Research Main » Cancer SC During Tumor Growth & Relapse After Therapy
Cancer stem cells during tumor growth and relapse after therapy
Some cancers contain cells with stem cells characteristics, and which are called cancer stem cells. We are using different approach to understand the mechanisms regulating cancer stem cell function during tumor growth and relapse after therapy.
Dual role of VEGF in regulating cancer stemness
Skin squamous cell carcinomas are amongst the most frequent cancers in humans. Recent studies suggest that skin squamous cell carcinoma, like many other human cancers, contain particular cancer cells, known as cancer stem cells, that present increased self-renewal potential that sustain tumor growth. Little is known about the mechanisms that regulate cancer stem cell functions.
To dissect the mechanisms that regulate cancer stem cells, we determined which genes are preferentially expressed by cancer stem cell of skin tumors. We found that VEGF, a molecule known to regulate the formation of new vessels, is expressed at high level by skin cancer stem cells, which are located in close contact to the blood vessels in a vascular niche. Administration of an antibody against VEGFR2 that decreases new blood vessel formation to mice presenting skin tumors results in a reduction of the pool of cancer stem cells leading to a reduction of the tumor size, demonstrating that vascular niche regulate skin cancer stem cell functions.
To determine whether VEGF secretion by cancer stem cells directly regulates the function of cancer stem cells, we genetically deleted VEGF specifically in tumour cells, and found that upon VEGF ablation, skin cancer stem cells were rapidly lost due to a defect in their renewal properties, leading to tumour regression.
We also found that Neuropilin 1, a VEGF receptor, is also highly expressed by skin cancer stem cells, and showed that Neuropilin 1 expression by cancer stem cells is critical to promote cancer stem cell renewal and tumour growth. In addition, we found that Neuropilin 1 is also essential for tumour formation, demonstrating the critical role of Neuropilin 1 during both cancer initiation and tumor growth.
Altogether this new study provides novel and important insights into the mechanisms by which VEGF controls tumour growth. VEGF signalling in endothelial cells is critical to sustain the formation of the vascular niche, promoting indirectly the renewal of skin cancer stem cells. Autocrine VEGF secretion by cancer stem cells acts also directly on cancer stem cells by a Neuropilin 1 dependent mechanism to promote cancer stem cell renewal and tumor growth. These results suggested that new therapies blocking VEGF and/or Neuropilin 1 functions in cancer cells might be more effective for the treatment of certain cancers compared to the therapeutic strategies blocking VEGF function only in endothelial cells.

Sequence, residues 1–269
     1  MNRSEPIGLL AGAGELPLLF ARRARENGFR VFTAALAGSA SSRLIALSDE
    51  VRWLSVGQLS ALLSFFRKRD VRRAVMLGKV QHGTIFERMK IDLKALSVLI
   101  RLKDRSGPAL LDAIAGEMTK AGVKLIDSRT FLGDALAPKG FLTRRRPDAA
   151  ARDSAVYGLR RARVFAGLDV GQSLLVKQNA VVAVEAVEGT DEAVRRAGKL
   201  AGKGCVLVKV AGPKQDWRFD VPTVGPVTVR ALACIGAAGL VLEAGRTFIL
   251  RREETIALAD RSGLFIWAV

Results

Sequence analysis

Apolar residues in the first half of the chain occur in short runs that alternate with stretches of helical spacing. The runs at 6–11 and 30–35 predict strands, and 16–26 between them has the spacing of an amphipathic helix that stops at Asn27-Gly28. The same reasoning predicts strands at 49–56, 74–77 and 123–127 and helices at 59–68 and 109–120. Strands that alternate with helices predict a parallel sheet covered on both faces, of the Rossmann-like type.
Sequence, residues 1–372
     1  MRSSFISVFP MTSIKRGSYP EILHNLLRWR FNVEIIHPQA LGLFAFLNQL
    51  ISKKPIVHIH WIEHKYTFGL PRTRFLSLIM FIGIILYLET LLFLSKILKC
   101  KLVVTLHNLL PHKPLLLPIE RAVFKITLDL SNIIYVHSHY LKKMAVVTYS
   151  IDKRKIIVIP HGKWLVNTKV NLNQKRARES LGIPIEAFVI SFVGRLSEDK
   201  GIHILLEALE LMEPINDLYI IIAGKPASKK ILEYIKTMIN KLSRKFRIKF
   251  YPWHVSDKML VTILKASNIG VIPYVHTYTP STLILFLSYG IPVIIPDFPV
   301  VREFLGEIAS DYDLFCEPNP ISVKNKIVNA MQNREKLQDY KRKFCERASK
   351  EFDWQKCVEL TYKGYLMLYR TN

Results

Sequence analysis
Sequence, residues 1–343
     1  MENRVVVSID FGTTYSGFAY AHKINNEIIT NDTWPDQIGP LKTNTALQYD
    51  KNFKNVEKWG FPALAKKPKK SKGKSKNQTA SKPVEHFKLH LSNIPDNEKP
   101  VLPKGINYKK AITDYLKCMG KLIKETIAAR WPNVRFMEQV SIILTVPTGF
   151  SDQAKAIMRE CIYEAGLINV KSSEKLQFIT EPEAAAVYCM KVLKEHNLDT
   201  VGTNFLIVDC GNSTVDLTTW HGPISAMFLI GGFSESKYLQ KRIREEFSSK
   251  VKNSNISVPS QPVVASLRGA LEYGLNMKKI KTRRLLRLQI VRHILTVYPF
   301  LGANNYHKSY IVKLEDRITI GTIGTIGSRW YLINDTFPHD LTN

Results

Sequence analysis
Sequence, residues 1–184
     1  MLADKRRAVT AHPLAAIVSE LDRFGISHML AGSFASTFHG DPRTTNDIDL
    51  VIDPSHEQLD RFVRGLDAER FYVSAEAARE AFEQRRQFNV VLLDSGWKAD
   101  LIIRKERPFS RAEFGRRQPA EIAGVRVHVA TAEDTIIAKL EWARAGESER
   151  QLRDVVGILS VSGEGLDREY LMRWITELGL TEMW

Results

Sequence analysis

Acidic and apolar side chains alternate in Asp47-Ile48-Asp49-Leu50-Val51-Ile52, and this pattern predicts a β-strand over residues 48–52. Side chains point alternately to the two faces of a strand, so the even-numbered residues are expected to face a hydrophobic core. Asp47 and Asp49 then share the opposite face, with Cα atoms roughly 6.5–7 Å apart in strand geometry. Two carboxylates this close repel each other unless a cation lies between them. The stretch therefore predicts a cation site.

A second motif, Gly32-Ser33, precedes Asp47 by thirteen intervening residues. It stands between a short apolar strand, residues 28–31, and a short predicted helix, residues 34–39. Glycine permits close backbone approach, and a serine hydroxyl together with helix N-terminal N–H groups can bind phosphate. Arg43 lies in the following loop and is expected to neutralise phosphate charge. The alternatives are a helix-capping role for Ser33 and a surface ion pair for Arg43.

Our study has been published in the Nature 2011 and was accompanied by a News and Views by Benitah.
Beck B, Driessens G, Goossens S, Youssef KK, Kuchnio A, Caauwe A, Sotiropoulou PA, Loges S, Lapouge G, Candi A, Mascre G, Drogat B, Dekoninck S, Haigh JJ, Carmeliet P, Blanpain C.
A vascular niche and a VEGF-Nrp1 loop regulate the initiation and stemness of skin tumours.
Nature. 2011 Oct 19;478(7369):399-403. doi: 10.1038/nature10525.
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Defining the mode of tumour growth by clonal analysis
One of the key questions in cancer is to understand how tumours grow. Recent studies suggest that cancer can be hierarchically organized as normal tissues containing cancer stem cells at the top of the cellular hierarchy. Cancer stem cells have been described in different human cancers including skin cancers. Cancer stem cells have been hypothesized to sustain tumour growth, to resist to chemo and radiotherapy and to be responsible for tumour relapse. Until now, cancer stem cells have been demonstrated by their ability to reform tumour upon transplantation into severely immunodeficient mice. These studies clearly show the potential of cancer cells in these experimental conditions but not necessarily reflect the actual fate of tumour cells in their native environment, and the existence of cancer stem cells during unperturbed tumour growth remained unproven.
In this study, we made use of clonal analysis to unravel the mode of tumour growth in vivo in its natural environment. To this end, we used a genetic labelling strategy that allows individual tumour cells to express the YFP reporter gene and follow their fate as well as their progeny over time at different stages of tumour progression. Interestingly, we found that in benign skin tumours, the majority of tumour cells have limited proliferative potential, while only a minority have the capacity to persist long term and divide rapidly, giving rise to progeny that occupy a big part of the tumour, consistent with the marking of long lived cancer stem cells.
Quantitative analysis of clonal fate data supports the existence of rapidly cycling cancer stem-like cells and a second population of more slowly cycling committed progenitors, mirroring the composition, hierarchy, and fate behaviour of the normal epidermis. Such behaviour is shown to be consistent with double-labelling experiments and detailed clonal fate characteristics. By contrast, clonal dynamic in invasive squamous cell carcinoma is consistent with emergence of a single CSC population with limited potential for terminal differentiation. This study presents the first experimental evidence for the existence of CSC during unperturbed solid tumour growth.
Our study has been published in the August issue of Nature 2012 and was accompanied by a News and Views by RJ Gilbertson and TA Graham.